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Help with account lockout issue (very strange)

I'm pretty well versed on tracking down account lockouts in a windows domain.  In fact I'm tracing such an issue several times a week as we have a pretty strict password policy that forces users to change pw every 42 days.  However I've run across such an issue that I cannot seem to narrow down.

I have a user, a server administrator, whos account locks every night at 10 PM.  I cannot for the life of me track where the bad passwords are coming from.

I make extensive use of the MS Account Lockout tools, but eventcomb is not being any help.

I've narrowed the problem down to several Event ID 680 events (attached as code snippet).  It would seem these are NTLM authentication attempts, however the problem is no source workstation is listed!  This is what I usually go by to find the culprit machine.

If I have no machine listed to investigate, how can I possibly track this down?  Are there any tools that I can set up scheduled captures of login information?  Is there some additional logging I can configure to better trap this failed logon attempt?  The DC event logs are just no help here.

TIA,
Matthew
Event Type:	Failure Audit
Event Source:	Security
Event Category:	Account Logon 
Event ID:	680
Date:		12/21/2009
Time:		10:00:33 PM
User:		NT AUTHORITY\SYSTEM
Computer:	NOAMIND01DCX01
Description:
Logon attempt by:	MICROSOFT_AUTHENTICATION_PACKAGE_V1_0
 Logon account:	MyUserName
 Source Workstation:	
 Error Code:	0xC000006A


For more information, see Help and Support Center at http://go.microsoft.com/fwlink/events.asp.

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MMcDonald
Asked:
MMcDonald
1 Solution
 
NikSystems SpecialistCommented:
Hi Mathew,

I have the similar issues in our domain and I can surely suggest that you try to use Account Lockout Examiner tool which can track from which machine/service/scheduled task etc, bad password attempts are coming from.
There's a 20 day evaluation period which should be enough for you to find the problematic machine:
http://www.netwrix.com/account_lockout_examiner.html
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LingerLongerCommented:
The other question to go through is 'What happens at 10PM?". Backup jobs executing, overnight script processing, etc.? Maybe this can help identify which host is causing the lockout.
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MMcDonaldAuthor Commented:
@nimatejic
Thanks for the suggestion.  I'm looking into it now.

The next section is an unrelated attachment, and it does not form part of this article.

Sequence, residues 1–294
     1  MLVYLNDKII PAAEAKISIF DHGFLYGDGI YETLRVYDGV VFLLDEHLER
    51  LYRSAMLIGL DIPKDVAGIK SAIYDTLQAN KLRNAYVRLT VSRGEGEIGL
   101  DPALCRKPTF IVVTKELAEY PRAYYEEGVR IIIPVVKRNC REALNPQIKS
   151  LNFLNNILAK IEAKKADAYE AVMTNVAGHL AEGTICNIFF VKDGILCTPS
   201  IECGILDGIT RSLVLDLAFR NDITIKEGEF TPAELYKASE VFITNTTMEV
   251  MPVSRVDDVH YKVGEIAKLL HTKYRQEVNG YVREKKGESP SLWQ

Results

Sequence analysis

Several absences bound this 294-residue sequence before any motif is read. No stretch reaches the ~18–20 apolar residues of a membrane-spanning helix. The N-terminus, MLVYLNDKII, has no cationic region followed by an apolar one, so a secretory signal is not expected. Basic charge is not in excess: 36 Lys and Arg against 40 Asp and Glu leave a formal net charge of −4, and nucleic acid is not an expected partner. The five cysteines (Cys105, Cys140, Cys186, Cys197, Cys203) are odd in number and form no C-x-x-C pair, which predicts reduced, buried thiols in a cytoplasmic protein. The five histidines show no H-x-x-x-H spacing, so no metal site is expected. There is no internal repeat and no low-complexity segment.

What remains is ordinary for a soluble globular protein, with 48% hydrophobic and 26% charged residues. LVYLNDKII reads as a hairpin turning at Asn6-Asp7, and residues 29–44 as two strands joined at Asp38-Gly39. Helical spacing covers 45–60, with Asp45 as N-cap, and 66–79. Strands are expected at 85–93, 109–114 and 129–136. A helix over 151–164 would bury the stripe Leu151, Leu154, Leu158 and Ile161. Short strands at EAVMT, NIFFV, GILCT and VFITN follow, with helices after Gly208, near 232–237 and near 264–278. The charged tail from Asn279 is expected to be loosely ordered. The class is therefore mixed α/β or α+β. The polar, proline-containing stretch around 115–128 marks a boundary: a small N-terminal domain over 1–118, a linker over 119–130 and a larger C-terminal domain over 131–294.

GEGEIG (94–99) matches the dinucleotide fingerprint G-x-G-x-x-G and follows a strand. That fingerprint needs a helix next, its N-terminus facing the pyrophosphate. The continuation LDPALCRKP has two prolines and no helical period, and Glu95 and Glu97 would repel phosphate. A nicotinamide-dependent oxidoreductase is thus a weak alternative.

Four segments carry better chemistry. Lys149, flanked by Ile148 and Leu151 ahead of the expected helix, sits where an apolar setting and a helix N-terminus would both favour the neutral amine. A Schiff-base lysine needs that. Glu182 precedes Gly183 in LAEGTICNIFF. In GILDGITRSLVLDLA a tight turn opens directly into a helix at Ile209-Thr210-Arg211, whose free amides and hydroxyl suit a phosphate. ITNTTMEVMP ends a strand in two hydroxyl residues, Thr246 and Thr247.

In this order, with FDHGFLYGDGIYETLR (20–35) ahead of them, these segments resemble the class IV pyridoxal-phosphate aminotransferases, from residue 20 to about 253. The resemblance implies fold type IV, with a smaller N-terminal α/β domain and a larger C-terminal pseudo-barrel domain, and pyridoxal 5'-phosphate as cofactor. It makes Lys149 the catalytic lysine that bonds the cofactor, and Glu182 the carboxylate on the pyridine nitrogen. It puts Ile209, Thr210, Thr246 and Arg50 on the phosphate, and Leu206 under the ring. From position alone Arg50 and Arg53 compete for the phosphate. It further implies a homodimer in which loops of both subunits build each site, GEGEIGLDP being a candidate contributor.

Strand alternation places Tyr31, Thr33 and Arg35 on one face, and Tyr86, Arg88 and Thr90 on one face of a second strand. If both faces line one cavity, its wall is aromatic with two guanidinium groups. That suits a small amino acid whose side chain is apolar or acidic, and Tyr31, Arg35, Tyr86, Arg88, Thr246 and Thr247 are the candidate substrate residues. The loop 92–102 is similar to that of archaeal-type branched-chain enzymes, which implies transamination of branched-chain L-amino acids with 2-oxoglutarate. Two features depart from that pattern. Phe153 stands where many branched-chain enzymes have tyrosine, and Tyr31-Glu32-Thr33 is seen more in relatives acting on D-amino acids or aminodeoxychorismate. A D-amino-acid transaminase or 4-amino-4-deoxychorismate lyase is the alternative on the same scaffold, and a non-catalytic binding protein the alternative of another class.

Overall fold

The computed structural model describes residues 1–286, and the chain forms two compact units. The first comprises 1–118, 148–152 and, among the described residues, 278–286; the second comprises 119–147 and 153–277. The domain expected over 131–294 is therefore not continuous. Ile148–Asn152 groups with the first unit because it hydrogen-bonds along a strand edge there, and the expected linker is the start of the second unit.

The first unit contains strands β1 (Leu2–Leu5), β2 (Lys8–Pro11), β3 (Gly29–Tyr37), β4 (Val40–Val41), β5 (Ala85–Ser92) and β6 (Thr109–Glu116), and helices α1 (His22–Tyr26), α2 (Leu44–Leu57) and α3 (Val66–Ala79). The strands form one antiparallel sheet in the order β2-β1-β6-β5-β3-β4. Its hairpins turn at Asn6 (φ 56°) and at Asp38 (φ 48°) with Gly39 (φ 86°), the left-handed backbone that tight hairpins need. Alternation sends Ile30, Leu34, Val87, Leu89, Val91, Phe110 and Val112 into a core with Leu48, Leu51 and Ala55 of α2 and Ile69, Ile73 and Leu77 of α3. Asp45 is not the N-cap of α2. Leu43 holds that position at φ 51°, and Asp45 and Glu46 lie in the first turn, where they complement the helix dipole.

@LingerLonger
This is of course one of the first questions I ask as an enterprise administrator.  Unfortunately there's no easy answer there.  We have over 500 servers in the environment in countries all over the world.  There are different backup schedules running at any given site (some backups run all throughout the night).  It could very well be a script/scheduled task, but the problem is identifying *where* they are running.  We can usually track this down by the data the event logs provide.  In this case, there is no information to go on in the event logs.

The only thing I have right now, is the lockout seems to always happen on a DC in a particular site.  That should help me narrow it down, but I still have a hundred or more servers in this site alone as it is a core hub site for the entire enterprise.  Many satellite sites utilize this core site for various services, i.e. domain authentication, so that ups the complexity.
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MMcDonaldAuthor Commented:
Well, I tried the NetWrix Account Lockout Examiner tool that was suggested and that was a bust.  It basically tells me the same thing I've already found in the event logs:  The account was locked.

It fails to list the workstation that actually sent the bad passwords!!  This information is not being logged, at all.

I'm stumped on where to go from here.
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LingerLongerCommented:
How about something off the domain? PDA, Smart Phone, web service, etc.? I'm thinking these access attempts would fail to record a source workstation.
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MMcDonaldAuthor Commented:
I guess that's possible, but it seems unlikely.  A PDA contacts a server somewhere (be it OWA, or some other web service).  That server is what handles the authentication and the DC logs should reflect the authentication request coming from that server.

The domain is supposed to log all authentication attempts and where they come from.  That seems like a pretty big security risk, and a complete waste of auditing if there are ways to circumvent the recording of authentication requests.
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jgpdCommented:
did you enabled  debug logging for the Net Logon service on the domain controller  NOAMIND01DCX01?
http://support.microsoft.com/kb/109626
Regards
Jose
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MMcDonaldAuthor Commented:
Actually yes, after not getting anywhere, I did indeed turn on debug logging for the Net Logon Service.  That did get me farther than I were as I could see the bad logons were being passed transitively from another DC (why the event log didn't log this kind of information is beyond me).

Ultimately it lead me to a particular DC, but the netlogon logs for that particular DC didn't show *anything*.  It was as if that DC itself was sending the bad lockout information.

Ultimately just by stroke of luck, my admin (who was getting locked) stumbled upon the culprit.  It turns out it was his account being tied to our Tripwire monitoring.  He saw logon errors in some SQL logs while parsing them.
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